It is important to remember the tale of the retailer, Abercrombie & Fitch, when considering Form I-9 automation. In September of 2010, Abercrombie & Fitch paid a settlement fine of $1,047,110.00 for Form I-9 violations due to numerous technology-related errors in their electronic Form I-9 verification system, which resulted in the Forms I-9 not being considered as properly completed. Apparently, one of the errors included the inability of government auditors from Immigration and Customs Enforcement (ICE) to readily access and print out readable Forms I-9 in compliance with the regulations.
What has the U.S. Department of Homeland Security (DHS) and the Department of Justice (DOJ) said on this auto (pre) - population issue?
First of all, unlike the IRS (e.g. e-file provider), there is no vendor approval process for a Form I- 9 software vendor. In Issue 33 of the E-Verify Connection publication (October 31, 2016), it provided the following statement:
That response seems like a clear, “NO,” on Section 1 pre-population.
In 2011, ICE indicated that Section 1 pre-population was appropriate if the employer also completed the Preparer/Translator portion of Section 1. In April of 2013, however, ICE indicated in liaison meetings with the American Immigration Lawyers Association that it is never permissible to pre-populate Section 1, even if the employee inputted the data causing the pre-population of the Form I-9. Later in the fall of 2013, ICE modified its prior comment by indicating that it …, “had no official position on pre-population.” ICE confirmed in a recent liaison meeting with AILA in November of 2018 that, “… the appropriate agency for guidance on completing the I-9 is DHS/USCIS.”
U.S. Citizenship and Immigration Service (USCIS), which hosts the I-9 Central website, indicated in 2012 that if Section 1 of the Form I-9 is pre-populated, then the employer must make sure that the Preparer/Translator portion of Section 1 is completed. Later in 2013, USCIS representatives in a stakeholder teleconference noted that an employer SHOULD NOT electronically pre-populate Section 1 of the Form I-9, even if the employee reviewed the pre-populated information before signing Section 1. USCIS then published the E-Verify newsletter in 2016 mentioned above, which allowed some fields to be pre-populated for Section 2 – not 1. Of course, ICE, the usual auditor and enforcer of Form I-9 compliance has not indicated any adoption of this interpretation by USCIS other than its statement of deference to USCIS policy.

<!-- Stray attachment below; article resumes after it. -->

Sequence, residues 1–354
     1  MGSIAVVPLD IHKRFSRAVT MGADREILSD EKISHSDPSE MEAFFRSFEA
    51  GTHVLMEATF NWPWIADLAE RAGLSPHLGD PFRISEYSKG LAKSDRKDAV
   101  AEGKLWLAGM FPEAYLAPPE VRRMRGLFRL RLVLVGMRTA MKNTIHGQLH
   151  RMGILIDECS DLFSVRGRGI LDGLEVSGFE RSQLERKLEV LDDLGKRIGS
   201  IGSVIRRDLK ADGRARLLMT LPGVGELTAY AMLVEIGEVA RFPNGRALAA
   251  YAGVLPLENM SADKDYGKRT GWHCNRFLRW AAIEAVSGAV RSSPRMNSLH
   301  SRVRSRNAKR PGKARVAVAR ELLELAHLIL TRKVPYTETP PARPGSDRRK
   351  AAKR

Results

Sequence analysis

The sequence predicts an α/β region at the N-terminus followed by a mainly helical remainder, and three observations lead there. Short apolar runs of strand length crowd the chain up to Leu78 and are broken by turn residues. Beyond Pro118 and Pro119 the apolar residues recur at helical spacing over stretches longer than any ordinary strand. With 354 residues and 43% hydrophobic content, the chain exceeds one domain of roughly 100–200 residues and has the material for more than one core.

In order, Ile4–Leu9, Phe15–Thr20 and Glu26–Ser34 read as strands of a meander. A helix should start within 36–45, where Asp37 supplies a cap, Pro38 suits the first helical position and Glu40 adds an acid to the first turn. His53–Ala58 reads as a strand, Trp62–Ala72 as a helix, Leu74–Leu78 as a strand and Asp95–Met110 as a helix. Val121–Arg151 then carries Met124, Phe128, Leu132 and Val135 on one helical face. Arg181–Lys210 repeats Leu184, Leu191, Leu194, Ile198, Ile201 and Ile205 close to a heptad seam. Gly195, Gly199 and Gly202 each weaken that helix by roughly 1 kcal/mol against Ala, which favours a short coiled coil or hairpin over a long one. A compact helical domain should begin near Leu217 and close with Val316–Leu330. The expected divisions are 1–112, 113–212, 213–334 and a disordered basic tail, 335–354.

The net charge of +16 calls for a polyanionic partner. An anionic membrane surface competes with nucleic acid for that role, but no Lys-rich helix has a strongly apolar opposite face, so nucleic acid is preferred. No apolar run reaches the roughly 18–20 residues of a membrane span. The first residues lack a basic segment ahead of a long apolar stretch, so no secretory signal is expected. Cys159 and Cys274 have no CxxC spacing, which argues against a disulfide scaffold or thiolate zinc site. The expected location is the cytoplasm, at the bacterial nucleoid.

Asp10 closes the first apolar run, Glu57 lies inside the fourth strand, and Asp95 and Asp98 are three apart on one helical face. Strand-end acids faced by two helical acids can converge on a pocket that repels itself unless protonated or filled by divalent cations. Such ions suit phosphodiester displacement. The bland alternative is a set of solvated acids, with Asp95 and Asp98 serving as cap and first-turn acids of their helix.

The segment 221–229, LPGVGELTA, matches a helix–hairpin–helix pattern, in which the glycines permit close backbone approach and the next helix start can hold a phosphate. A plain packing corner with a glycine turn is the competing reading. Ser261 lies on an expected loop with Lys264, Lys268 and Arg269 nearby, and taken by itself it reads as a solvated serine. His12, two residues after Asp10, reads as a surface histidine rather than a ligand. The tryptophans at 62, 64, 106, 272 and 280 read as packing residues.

I-9 Central provides the following guidance in its Questions and Answers section, which was updated on May 16, 2017:
This guidance is muddy at best, but seems to support the use of the Preparer/Translator part of Section 1, if pre-population occurs.
The Office of Special Counsel of the DOJ (now known and the Immigrant and Employee Rights Section), which enforces the anti-discrimination rules concerning Form I-9 completion, indicated in one of its Technical Assistance Letters (TALs) dated August 20, 2013, that pre-population is not recommended due to the increased possibility of inaccurate or outdated information being placed in Section 1. In addition, OSC warned that pre-populating Section 1 potentially increased the possibility that a new hire not proficient in English would not understand, which would require the use of the Preparer/Translator part of Section 1. In November of 2018, the Immigrant and Employee Rights (IER) section outlined the following software issues that pose anti-discrimination risks:
IER sees a wide variety of software issues. Examples include: drop down menus that may restrict choice of documents that employees can present; software that limits workers’ abilities to edit information; pop-up windows that advise employers to verify information associated with citizenship status; and messages that imply that employers should be requesting additional documents that are not required or may alert or flag people for reverification when people should not be reverified. IER noted that manuals or training regarding software may also give incorrect guidance or incorrectly state the law. IER cited examples of settlements related to electronic I-9 software including a Macy’s settlement in 2013 and a Panda Express settlement in 2017. The Macy’s Florida Store settlement agreement terms required Macy’s to pay a civil penalty of $175,000.00 and one of the included settlement requirements was to modify its electronic Form I-9 system to permit employees to complete Section 1 of the Form I-9. The Panda Restaurant Group’s settlement for $400,000.00 required the company to modify is electronic Form I-9 system to allow those employees selecting the, “Alien Authorized to Work,” citizenship attestation in Section 1 of the Form I-9 to write, “N/A,” in the Section 1 expiration date field.